Death In Lampedusa

The full death toll from the capsized boat carrying an estimated 500 migrants to Lampedusa will probably never be known, but with more than a hundred bodies recovered so far, and others still coming in, it is already one of the most shocking tragedies in the history of Europe’s lethal  anti-migrant maritime borders.

While bodies and coffins accumulate in Lampedusa’s tiny harbours, coastguards and fishermen have described trying to rescue men and women covered in fuel who slid from their arms and drowned.  The dozens of children who also drowned did not even get that close.

This awful event has provoked an outpouring of grief, horror and sympathy in Italy and beyond, as it should.  Italy has declared a day of national mourning. The residents of Lampedusa have held a special mass and a candlelit procession to commemorate the victims,  one of whose participants held up a wooden cross made from a wrecked boat on which was written ‘ We want to welcome the living, not the dead.’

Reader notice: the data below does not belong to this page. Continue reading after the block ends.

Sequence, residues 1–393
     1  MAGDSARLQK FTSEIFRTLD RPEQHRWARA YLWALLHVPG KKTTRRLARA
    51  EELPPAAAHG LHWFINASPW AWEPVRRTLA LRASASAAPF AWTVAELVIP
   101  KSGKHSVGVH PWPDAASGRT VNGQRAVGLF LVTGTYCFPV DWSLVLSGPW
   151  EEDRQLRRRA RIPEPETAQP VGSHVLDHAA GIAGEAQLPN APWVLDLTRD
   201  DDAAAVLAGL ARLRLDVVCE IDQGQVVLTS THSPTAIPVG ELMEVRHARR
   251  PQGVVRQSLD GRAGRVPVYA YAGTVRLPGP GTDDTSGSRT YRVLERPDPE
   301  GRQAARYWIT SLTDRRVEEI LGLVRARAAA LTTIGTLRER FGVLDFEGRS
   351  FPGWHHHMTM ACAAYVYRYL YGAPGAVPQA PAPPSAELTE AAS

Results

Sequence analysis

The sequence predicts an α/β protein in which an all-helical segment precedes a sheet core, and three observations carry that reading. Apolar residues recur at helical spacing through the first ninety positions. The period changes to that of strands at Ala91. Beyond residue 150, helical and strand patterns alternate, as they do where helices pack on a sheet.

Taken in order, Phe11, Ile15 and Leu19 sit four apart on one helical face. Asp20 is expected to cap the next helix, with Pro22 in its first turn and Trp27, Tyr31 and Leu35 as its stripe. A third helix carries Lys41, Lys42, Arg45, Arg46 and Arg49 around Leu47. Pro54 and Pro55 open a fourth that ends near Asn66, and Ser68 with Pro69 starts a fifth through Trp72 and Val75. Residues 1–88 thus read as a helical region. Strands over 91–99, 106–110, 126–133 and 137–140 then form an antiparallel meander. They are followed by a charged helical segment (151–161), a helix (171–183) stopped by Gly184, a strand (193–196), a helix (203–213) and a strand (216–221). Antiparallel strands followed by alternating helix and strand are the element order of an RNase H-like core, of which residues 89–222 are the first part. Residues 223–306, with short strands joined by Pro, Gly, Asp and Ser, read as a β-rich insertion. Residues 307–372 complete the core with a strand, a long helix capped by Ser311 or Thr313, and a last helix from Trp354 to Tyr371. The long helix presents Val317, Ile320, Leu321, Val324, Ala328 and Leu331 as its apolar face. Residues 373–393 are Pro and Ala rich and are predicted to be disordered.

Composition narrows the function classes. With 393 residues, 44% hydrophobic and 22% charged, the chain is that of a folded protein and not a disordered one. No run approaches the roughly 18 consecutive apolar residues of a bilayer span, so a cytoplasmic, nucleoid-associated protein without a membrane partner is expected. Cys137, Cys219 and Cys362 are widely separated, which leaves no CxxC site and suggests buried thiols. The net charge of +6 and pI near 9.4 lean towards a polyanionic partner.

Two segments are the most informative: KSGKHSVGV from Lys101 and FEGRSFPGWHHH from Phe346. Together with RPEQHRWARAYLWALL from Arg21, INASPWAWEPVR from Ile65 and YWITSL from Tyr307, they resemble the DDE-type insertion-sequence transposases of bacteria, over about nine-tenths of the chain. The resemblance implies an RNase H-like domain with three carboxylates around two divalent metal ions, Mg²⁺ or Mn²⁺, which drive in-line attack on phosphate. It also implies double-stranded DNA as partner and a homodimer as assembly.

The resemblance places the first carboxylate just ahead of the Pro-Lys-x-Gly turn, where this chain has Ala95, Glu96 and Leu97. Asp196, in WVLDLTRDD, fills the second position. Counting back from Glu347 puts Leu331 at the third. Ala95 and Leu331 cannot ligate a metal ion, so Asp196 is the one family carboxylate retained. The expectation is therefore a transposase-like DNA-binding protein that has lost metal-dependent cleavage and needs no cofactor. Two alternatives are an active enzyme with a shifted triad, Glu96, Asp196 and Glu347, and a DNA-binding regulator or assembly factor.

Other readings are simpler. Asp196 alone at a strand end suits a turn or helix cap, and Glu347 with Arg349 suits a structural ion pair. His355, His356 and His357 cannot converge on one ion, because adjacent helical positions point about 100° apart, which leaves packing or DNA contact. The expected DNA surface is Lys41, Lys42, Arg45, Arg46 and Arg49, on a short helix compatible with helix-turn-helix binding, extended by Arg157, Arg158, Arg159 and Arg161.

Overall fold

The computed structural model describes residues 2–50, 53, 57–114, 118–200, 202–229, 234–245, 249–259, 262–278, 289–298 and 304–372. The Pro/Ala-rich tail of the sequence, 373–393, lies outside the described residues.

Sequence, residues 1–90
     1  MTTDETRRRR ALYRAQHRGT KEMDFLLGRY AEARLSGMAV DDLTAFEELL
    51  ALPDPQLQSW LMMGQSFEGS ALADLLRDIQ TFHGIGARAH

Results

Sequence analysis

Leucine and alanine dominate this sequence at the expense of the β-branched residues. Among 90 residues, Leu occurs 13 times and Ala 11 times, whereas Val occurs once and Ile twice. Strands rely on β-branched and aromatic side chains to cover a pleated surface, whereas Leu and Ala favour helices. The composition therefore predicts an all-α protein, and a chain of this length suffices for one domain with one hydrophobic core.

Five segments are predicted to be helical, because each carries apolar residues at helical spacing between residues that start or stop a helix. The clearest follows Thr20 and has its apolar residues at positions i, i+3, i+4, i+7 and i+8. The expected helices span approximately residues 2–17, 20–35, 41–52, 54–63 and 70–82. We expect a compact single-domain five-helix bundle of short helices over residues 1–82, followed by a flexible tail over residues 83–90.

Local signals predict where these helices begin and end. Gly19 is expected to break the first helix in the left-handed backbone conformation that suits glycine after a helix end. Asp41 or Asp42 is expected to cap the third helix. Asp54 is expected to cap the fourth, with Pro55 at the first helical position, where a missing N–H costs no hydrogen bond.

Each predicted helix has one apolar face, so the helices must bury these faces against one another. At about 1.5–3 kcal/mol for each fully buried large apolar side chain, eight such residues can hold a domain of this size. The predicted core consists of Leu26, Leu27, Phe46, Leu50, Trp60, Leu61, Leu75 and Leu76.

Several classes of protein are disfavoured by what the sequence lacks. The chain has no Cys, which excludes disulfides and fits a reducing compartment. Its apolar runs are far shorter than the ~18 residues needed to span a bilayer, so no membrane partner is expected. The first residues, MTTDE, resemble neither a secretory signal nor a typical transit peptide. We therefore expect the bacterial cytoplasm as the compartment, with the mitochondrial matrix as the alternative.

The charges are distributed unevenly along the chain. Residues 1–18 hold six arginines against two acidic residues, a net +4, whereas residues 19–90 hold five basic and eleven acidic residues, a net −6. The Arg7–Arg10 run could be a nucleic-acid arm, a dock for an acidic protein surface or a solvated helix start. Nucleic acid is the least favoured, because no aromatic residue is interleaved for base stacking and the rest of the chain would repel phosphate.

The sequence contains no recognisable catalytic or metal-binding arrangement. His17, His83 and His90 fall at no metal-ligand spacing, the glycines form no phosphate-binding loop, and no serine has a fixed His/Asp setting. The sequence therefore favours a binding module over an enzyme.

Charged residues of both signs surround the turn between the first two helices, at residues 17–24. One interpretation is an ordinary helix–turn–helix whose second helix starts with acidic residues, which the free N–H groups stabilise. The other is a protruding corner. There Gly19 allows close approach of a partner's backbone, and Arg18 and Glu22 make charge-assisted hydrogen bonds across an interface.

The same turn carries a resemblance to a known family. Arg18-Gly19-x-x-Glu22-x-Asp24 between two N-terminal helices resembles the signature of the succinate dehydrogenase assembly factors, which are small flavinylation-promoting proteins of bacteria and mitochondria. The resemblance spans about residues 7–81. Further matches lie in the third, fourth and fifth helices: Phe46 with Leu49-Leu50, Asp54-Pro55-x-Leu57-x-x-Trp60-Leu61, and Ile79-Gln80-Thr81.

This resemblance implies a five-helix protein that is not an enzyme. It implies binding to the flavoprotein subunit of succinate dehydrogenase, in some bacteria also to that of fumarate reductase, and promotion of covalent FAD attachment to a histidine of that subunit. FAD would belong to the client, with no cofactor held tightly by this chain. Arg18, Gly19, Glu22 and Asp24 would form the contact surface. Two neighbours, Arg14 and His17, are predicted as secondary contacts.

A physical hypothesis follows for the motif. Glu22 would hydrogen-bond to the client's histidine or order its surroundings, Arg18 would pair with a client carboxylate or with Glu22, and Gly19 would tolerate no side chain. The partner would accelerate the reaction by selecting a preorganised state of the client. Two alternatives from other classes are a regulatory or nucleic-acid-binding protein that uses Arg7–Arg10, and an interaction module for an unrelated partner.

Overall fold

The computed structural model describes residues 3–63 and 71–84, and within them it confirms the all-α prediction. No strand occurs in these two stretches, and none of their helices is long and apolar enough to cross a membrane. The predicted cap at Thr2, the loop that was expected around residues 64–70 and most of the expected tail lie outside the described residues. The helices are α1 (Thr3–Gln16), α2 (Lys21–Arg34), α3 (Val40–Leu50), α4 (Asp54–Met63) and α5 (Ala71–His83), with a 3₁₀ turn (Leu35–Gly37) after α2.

Not all Lampedusans feel like this, but many do.   Two years ago more than 17,000 Tunisians arrived on the island, more than doubling the population at certain points.   While the Italian government played politics and did nothing to provide them with food or shelter, many Lampedusans took up the slack and fed them themselves.

There was a time when Lampedusa was a tranquil holiday island, whose population made their living from tourism and fishing.   All that changed more than two decades ago, when Italy joined the Schengen Area and Lampedusa became the southern periphery of the European Union and a major destination for migrants taking what the European Border Agency Frontex calls the ‘Central Mediterranean route.’